MF Global Clients Can Still Recover Money through Arbitration

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Kansas City, MOA newly released trustee's report regarding the alleged MF Global securities fraud appears to dash hope of MF Global clients recovering their missing money, but Diane Nygaard (pictured), a securities and commodities attorney at Kenner Schmitt Nygaard, LLC, says clients can still recover their money through arbitration. Customer arbitrations, especially group arbitrations, are most likely to be successful in recovering customers' funds.

A trustee's report, filed by James W. Giddens on February 6, 2012, (as quoted by the Chicago Tribune; 02/7/12) indicates that MF Global began withdrawing money from segregated customer accounts on October 26, 2012, just before the company was audited. According to the report, prior to October 26, the amounts transferred were less than $50 million, but as the financial demands on MF Global increased, more and more money from segregated funds was used to cover the shortfall.

Caught up in that was approximately $1.2 billion of customer money. Clients of MF Global have so far recovered around 72 cents for every dollar that was missing, as the bankruptcy trustee, Mr. Giddens, winds down the broker-dealer. Nygaard says that recovery of the remaining money is possible, but is unlikely to occur through the bankruptcy trustee's efforts.

"Almost all of the $1.2 billion is no longer 'missing,'" Nygaard says. "It didn't 'vaporize.' It has been traced largely to MF Global customers who closed their accounts and cashed out, and to clearing firms and other legitimate creditors of MF Global. The trustee told customers who haven't received more than 72 cents that it will be very difficult—if not impossible—to recover much more for them. That will only happen if he can establish in litigation that customer funds were knowingly accepted by recipients with no claim to them."

In other words, if customers hope to recover more money through the trustee, they have to wait until lengthy litigation concludes and may still not recover all their money.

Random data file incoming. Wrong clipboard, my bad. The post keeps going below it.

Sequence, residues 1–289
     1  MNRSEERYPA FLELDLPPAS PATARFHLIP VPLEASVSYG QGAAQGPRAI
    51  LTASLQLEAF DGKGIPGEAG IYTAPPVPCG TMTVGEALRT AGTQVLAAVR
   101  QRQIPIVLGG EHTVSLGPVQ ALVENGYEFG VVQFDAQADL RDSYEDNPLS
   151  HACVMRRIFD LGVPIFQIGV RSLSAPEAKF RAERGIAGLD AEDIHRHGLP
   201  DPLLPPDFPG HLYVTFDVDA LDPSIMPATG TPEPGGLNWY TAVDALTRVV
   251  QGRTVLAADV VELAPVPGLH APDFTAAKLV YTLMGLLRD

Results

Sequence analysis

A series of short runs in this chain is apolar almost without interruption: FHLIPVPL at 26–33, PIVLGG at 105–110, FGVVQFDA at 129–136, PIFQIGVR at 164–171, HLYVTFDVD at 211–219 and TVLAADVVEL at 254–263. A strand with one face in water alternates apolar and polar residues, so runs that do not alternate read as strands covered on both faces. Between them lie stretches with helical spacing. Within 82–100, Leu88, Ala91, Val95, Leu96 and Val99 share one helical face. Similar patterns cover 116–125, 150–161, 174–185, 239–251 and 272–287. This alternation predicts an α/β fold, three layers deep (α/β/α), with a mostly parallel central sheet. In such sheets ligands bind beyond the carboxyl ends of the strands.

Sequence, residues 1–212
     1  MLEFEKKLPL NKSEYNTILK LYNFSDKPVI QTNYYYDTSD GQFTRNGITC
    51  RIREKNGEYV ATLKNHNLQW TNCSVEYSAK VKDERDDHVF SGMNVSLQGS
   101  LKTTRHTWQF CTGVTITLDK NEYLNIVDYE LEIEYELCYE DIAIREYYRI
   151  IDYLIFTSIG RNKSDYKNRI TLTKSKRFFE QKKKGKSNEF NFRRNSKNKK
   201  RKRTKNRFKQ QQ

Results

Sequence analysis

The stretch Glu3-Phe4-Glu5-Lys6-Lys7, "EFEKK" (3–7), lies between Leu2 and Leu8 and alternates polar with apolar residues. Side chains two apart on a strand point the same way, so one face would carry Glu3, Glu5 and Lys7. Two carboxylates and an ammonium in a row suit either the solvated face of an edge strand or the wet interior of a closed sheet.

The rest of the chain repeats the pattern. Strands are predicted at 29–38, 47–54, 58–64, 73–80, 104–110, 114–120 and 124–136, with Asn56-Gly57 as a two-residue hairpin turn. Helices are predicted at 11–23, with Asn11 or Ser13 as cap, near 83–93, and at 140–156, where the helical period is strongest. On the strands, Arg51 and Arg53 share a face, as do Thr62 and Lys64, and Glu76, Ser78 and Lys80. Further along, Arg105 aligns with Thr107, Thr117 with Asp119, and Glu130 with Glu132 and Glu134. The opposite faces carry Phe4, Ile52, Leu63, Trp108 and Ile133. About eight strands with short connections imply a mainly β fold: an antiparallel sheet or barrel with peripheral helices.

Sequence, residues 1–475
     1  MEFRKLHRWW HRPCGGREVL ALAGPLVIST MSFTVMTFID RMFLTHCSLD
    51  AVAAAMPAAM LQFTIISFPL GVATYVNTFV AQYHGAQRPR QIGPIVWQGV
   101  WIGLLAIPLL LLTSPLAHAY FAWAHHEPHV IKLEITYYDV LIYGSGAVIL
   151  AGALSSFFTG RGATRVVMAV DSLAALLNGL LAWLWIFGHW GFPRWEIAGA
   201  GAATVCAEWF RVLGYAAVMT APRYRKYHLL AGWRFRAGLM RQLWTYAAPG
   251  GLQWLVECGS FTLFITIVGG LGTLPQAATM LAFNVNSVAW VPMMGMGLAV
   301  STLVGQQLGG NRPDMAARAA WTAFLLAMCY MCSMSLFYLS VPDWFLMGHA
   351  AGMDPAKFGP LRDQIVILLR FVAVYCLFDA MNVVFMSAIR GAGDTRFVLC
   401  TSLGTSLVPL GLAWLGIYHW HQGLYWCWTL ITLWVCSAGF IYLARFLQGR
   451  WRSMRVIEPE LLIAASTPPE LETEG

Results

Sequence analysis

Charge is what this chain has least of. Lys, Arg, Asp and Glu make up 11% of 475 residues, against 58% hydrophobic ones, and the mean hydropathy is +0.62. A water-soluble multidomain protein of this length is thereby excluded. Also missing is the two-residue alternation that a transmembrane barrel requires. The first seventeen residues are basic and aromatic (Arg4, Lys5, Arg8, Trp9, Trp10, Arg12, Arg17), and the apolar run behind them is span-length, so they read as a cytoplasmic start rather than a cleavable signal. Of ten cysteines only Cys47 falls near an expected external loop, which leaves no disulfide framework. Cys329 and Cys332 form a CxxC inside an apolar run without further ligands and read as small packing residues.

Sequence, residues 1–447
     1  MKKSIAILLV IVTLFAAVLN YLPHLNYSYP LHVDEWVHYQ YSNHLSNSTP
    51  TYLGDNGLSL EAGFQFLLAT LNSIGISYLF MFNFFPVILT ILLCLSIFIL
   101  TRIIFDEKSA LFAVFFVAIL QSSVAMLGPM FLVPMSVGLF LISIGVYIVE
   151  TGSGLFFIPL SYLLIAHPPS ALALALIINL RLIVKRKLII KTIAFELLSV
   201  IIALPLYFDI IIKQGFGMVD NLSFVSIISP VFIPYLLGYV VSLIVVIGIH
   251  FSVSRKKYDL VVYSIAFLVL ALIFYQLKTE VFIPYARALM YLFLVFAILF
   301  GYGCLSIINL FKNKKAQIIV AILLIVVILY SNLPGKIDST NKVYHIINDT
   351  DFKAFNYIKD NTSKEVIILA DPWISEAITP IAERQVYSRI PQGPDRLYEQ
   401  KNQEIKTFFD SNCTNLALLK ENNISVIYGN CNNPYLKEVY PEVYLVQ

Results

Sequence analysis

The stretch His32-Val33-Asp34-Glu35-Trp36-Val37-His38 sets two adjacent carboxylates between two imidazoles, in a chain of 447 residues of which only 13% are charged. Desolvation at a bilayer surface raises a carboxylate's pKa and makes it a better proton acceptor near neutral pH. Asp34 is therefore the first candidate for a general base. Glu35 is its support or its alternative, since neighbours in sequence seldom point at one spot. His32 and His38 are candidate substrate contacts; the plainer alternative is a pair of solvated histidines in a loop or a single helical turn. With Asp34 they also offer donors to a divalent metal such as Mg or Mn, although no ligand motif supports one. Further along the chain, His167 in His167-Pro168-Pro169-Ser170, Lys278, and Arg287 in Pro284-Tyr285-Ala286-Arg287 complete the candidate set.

If, however, customers file an arbitration, Nygaard says there is a better chance of recovering the rest of the missing money, and in a much more timely manner.

"We are representing groups of customers of MF Global for group arbitrations to recover the money," Nygaard says. "An arbitration will be faster and more effective than waiting for this anticipated, lengthy litigation in bankruptcy court. The other concern is that in bankruptcy litigation, the cost of the lawsuit will be borne by whatever assets are brought in. So, even if the lawsuit is successful, the costs may outweigh any money the clients might receive."

In arbitration, the claim is not filed against a bankrupt company; rather, it is filed against the controlling persons of the company, including Jon Corzine, who are individually liable for wrongdoing of the firm under commodities statutes. Companies such as MF Global have errors and omissions insurance that cover executives of the firm. According to a report in Bloomberg (02/6/12), MF Global had $190 million of liability policies for its executives. Nygaard says the odds of customers recovering their funds are much greater with arbitration. Furthermore, the rules of arbitration require that any awards be paid within 30 days.

Nygaard says she plans to file the first group arbitration by March 31. Clients who would like to be involved in that arbitration should contact her office as soon as possible, to be among the first to potentially recover their missing money.

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